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What is Distracted Driving in Ontario?

Criminal Charges
jason-baxtorJason Baxter

Many people feel they know what is distracted driving in Ontario, though few really do. But that’s not anyone’s fault. The charge became better known after the increase in cases due to the use of cell phones.  So, many people will tell you that distracted driving is talking on your phone while driving. And they aren’t wrong.

But, using your cell phone while driving is just one way to get a distracted driving traffic ticket.

What Constitutes Distracted Driving in Ontario

Ontario’s distracted driving laws apply to the use of hand-held communications, entertainment devices and particular display screens.

When you are driving, which includes when you are not moving in traffic for any length of time, or at a red light or stop sign, you may be charged with distracted driving if you are found doing the following:

  • Using a smartphone, cellphone or another hand-held wireless communication device to communicate, text or dial.  You can use a device to call 911 in an emergency, but you should pull off the road before placing the call.
  • Using a hand-held electronic mobile and/or entertainment devices, such as a tablet computer or portable gaming console
  • Viewing display screens unrelated to driving, such as watching a video – even if your vehicle has self-driving features
  • Programming a GPS device, except by using voice commands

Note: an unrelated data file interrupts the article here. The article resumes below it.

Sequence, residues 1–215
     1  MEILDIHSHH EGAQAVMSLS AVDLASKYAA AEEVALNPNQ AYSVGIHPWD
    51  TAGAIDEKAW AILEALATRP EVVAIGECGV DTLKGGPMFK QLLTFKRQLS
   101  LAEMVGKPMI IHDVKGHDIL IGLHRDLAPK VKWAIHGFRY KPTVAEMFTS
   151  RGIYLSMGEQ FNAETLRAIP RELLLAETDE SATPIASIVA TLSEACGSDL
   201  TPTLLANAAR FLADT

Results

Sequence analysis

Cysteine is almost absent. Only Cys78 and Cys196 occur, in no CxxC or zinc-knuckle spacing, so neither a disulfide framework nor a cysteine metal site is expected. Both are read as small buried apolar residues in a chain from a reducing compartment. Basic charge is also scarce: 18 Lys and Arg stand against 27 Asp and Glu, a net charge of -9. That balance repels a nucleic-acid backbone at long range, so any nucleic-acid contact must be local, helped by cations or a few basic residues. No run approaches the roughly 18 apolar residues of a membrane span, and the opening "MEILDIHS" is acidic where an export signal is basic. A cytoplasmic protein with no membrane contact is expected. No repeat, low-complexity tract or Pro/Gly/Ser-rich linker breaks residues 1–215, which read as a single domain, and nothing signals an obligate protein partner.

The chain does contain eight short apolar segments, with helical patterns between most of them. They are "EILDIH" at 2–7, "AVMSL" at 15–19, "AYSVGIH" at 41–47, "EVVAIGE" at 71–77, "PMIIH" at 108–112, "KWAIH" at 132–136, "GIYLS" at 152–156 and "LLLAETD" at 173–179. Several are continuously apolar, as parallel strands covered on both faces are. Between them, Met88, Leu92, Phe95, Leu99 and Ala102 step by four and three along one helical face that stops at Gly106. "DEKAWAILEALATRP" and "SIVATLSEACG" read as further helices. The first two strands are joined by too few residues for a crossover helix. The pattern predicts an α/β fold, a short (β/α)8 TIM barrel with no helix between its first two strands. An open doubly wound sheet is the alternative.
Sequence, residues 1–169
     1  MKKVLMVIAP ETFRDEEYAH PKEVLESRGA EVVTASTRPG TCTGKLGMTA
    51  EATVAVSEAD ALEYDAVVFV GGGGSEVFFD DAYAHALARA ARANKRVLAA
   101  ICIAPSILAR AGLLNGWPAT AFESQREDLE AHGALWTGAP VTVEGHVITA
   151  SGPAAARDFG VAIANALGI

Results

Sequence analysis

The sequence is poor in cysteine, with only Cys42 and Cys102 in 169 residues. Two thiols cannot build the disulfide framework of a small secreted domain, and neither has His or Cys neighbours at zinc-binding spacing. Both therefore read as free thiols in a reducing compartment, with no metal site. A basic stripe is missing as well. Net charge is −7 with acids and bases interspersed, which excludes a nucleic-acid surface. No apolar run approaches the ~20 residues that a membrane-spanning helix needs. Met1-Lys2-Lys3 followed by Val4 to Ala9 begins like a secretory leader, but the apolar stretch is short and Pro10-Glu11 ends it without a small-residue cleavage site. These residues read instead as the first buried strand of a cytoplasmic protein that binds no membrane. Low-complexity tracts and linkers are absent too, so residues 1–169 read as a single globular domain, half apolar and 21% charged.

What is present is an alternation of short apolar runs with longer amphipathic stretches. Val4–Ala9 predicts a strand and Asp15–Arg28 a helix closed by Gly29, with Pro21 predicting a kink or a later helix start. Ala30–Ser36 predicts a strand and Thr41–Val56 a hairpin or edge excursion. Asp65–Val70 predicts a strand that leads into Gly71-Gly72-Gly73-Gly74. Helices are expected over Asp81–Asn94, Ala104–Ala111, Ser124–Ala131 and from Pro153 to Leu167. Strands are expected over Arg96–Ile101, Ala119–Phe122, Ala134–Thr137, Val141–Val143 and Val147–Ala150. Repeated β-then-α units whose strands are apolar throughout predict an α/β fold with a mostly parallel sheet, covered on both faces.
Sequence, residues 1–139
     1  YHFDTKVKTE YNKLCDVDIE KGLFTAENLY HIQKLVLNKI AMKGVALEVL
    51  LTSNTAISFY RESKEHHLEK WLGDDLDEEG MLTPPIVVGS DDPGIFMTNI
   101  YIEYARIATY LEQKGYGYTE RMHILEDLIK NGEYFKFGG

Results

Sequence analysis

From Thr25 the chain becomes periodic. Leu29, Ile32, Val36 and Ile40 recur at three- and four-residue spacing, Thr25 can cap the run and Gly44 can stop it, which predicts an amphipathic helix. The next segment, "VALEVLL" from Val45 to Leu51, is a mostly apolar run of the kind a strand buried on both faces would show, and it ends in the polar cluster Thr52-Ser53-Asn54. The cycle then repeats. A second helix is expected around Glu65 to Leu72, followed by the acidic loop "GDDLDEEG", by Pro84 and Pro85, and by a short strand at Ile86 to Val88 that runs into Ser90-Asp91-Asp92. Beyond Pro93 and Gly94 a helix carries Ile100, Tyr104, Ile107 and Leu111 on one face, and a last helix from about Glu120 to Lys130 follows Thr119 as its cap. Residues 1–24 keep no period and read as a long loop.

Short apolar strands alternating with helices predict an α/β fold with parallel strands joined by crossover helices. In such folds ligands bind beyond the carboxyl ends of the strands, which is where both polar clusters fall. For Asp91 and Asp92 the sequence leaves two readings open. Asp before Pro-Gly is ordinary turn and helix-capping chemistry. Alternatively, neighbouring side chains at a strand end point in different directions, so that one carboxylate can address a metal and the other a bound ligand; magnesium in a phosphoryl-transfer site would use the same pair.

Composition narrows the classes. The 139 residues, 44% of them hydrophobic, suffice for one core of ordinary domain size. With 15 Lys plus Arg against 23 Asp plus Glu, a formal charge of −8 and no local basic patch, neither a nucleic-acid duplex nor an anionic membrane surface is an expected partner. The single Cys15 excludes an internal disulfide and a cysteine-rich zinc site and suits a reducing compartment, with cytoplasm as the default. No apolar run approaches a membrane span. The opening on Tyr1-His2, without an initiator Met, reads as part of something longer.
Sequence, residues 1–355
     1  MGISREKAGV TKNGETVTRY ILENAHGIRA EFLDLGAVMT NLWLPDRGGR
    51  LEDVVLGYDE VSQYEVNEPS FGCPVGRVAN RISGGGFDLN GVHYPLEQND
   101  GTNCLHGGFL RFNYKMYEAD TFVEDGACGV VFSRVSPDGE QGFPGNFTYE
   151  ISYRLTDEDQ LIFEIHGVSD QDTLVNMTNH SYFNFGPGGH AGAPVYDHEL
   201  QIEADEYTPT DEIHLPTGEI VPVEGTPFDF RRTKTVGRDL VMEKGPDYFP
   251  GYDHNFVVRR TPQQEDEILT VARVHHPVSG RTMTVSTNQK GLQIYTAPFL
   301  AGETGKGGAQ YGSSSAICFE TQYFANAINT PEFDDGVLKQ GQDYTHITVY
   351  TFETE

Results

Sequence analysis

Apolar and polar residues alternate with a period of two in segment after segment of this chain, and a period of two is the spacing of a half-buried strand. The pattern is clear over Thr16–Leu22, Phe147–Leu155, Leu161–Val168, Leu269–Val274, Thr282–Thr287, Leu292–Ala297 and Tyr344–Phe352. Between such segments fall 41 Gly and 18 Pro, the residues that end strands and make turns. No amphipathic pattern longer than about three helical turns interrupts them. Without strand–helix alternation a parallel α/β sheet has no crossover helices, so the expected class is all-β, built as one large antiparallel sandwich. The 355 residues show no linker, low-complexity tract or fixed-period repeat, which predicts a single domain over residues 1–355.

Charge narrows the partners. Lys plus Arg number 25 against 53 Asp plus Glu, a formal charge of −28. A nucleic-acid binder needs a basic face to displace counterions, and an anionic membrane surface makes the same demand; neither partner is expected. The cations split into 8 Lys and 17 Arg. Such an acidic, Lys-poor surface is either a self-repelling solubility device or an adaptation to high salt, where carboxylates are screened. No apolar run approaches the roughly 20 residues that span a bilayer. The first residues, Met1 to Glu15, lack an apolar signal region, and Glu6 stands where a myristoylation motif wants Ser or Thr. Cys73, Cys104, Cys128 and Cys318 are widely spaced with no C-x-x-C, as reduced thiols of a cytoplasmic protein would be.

Penalties for Distracted Driving Convictions

If you are convicted of distracted driving, you may be liable for one or more of the following penalties:

First conviction

    • $615 fine – if settled out of court (includes a victim surcharge and the court fee)
    • Up to a $1,000 fine – if a summons is received or if you fight the ticket in court and lose
    • 3 demerit points
    • 3-day driver’s license suspension

Second conviction

      • $615 fine – if settled out of court (includes a victim surcharge and the court fee)
      • Up to a $2,000 fine – if a summons is received or if you fight the ticket in court and lose
      • 6 demerit points
      • 7-day suspension

Third and further conviction(s)

        • $615 fine – if settled out of court (includes a victim surcharge and the court fee)
        • Up to a $3,000 fine – if a summons is received or if you fight the ticket in court and lose
        • 6 demerit points
        • 30-day suspension

Your car insurance provider may consider a distracted driving conviction as a serious infraction. As such, they may significantly increase your premiums, revoke discounts and even refuse to renew your policy.

The serious and costly consequences of being convicted of a distracted driving charge make it crucial that you defend yourself and protect your rights under the law.

X-Copper’s team of former police officers and top traffic ticket defense lawyers are experienced in defending against distracted driving charges. They use that experience, and their knowledge of criminal law, law enforcement and court procedures to offer informed legal advice to safeguard your rights and get the best outcome.

If you found this post helpful, check out our recent article “What You Should Know About Failure to Stop at a Stop Sign Tickets“.

 

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